We are a full service consulting firm. We are passionate about computational products that inspire and empower people to create. We have spent the past two decades honing our craft of designing, prototyping, and building tools that appeal to diverse audiences. Our clients engage us to build applications and services for creative work in design, learning, and education. We shepherd projects from conceptualization to shipping.

We remain active in both teaching and research and strive to deepen our perspective and practice through our internal product development efforts, the fruits of which will debut in 2017. Our clients are the first beneficiaries of everything we learn in our internal projects. Two awards from the National Science Foundation (NSF) SBIR Program funded the early prototypes of our upcoming product. And over the years, we have committed significant additional resources beyond that initial funding to refine our prototypes into a product that we feel is a reflection of what inspired the founding of our company.

We founded Media Modifications in 2006 out of a shared belief that there remains a great deal of work to be done to realize the creative and learning potential of computation. We came together to design and develop expressive computational tools that employ novel representations and interaction metaphors to offer new entry points into thinking about and working with powerful ideas from a wide range of intellectual and practical domains. Democratizing access to such tools and ideas is what drives us.

We bring to this collaboration perspectives shaped by decades of combined experience in developing new environments, resources and tools for: text-based, visual and tangible programming; digital design and fabrication; hardware prototyping and design; scientific and mathematical modeling; data visualization; tangible, tabletop real-time process and workflow modeling; storytelling; media authoring and remixing; robotics; computational art; historical modeling with imagery; game and toy design; exhibit design; STEAM teaching and learning.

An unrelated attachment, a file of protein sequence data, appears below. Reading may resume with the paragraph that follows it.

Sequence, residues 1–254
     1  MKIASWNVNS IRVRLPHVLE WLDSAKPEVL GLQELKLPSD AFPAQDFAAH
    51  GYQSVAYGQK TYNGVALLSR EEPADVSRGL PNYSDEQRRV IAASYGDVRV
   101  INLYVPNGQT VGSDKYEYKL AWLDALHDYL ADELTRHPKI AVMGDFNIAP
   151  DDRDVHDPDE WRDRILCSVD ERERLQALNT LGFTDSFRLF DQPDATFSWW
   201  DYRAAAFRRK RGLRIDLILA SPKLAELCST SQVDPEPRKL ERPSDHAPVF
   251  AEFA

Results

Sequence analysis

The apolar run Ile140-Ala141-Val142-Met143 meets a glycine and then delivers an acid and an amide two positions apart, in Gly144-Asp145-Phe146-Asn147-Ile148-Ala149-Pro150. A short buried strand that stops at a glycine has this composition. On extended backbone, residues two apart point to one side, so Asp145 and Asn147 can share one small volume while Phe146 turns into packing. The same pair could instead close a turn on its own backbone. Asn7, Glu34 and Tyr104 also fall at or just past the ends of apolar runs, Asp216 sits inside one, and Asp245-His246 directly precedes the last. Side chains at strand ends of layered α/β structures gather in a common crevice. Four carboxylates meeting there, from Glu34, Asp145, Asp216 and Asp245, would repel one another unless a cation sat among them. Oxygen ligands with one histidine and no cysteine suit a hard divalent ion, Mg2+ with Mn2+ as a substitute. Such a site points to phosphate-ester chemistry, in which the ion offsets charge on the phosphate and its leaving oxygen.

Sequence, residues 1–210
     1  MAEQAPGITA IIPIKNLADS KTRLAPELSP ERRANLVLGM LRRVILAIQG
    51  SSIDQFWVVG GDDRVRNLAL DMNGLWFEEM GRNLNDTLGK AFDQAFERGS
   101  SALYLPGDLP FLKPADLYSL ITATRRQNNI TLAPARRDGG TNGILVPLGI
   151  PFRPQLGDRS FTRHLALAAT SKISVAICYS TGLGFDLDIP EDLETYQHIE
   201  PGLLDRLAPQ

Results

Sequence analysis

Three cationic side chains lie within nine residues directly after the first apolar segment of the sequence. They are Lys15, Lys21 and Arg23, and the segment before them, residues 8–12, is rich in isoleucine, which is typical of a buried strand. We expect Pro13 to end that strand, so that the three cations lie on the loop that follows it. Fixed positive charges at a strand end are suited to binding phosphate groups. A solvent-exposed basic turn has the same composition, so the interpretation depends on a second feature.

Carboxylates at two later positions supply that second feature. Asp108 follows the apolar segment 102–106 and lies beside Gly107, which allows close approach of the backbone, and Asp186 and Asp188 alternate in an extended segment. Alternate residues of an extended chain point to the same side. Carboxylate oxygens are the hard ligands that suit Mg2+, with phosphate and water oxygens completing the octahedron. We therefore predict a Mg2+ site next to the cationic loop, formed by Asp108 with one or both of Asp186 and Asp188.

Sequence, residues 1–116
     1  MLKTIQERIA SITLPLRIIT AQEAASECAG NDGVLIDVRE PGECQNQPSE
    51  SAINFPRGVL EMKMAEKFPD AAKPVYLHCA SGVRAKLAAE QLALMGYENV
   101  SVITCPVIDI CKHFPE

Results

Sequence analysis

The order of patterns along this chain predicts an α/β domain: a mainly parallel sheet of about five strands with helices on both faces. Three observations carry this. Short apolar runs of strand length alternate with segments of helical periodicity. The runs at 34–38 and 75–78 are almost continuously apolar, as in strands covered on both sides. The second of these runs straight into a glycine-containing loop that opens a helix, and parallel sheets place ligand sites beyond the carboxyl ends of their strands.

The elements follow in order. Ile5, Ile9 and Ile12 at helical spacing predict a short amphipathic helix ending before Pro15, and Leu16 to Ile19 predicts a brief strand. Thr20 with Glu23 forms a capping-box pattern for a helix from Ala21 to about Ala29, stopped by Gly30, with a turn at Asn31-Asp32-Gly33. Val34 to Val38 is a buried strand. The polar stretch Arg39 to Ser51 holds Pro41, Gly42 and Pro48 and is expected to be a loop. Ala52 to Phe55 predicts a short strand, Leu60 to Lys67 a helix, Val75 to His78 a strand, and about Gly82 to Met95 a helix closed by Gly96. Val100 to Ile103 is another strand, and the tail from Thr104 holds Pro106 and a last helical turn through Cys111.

We are particularly passionate about learning and education. Our early work at the MIT Media Laboratory foretold, and in many cases directly shaped, products and movements that invite people to experience and participate in shaping the future of learning and play. We are honored by the opportunities we have had and welcome new engagements that hold a similar promise for the world.


For every engagement, we assemble a special team of designers and developers which is led by one or both of our principals, Erik Blankinship and Bakhtiar Mikhak.

Erik Blankinship received his Ph.D. in Media Arts and Sciences from the MIT Media Laboratory. He also has an M.Ed. from the Harvard University Graduate School of Education, and a B.A. in English Literature with honors from the University of Maryland at College Park where he was a recipient of the Jim Henson Award for Projects Related to Puppetry. He has consulted for France Telecom, Motorola, Intel Research, and Ricoh Innovations on educational, assistive, and communication technology.

Bakhtiar Mikhak received his M.S. and Ph.D. in theoretical elementary particle physics at the University of California at Los Angeles and his B.A. in physics from the University of California at Berkeley. He is a professor of Digital Media Design at Division of Continuing Education at Harvard University. His perspectives on teaching, research, design, and development have their roots in the MIT Media Laboratory, where he worked in the Epistemology and Learning and Lifelong Kindergarten research groups and then founded and directed his own research group, the Grassroots Invention Group. While at MIT, he was also the founding director of the Fab Lab program at the NSF Center for Bits and Atoms, and was a principal investigator and the technical director for the NSF-funded Playful Invention and Exploration Network. Bakhtiar has made significant contributions to the development of programming languages and digital construction kits that laid the foundation for the LEGO MindStorms Robotic Invention System, the PicoCricket Kit from the Playful Invention Company, and the MIT Scratch programming language. Bakhtiar’s dedication to expanding public access to exemplary resources for learning and education include his roles as a founding board member of the Community Charter School of Cambridge in Cambridge, MA and a principal architect of the Powder House Studios in Somerville, MA.


We are fortunate to have access to luminaries in the fields of interactive media, computational design, and learning technologies for advice and critical review of the products and process of work.

Nicholas Negroponte’s perspectives on design of computational systems that amplify human capacity for creative expression, learning and understanding guides how we work and what we work on.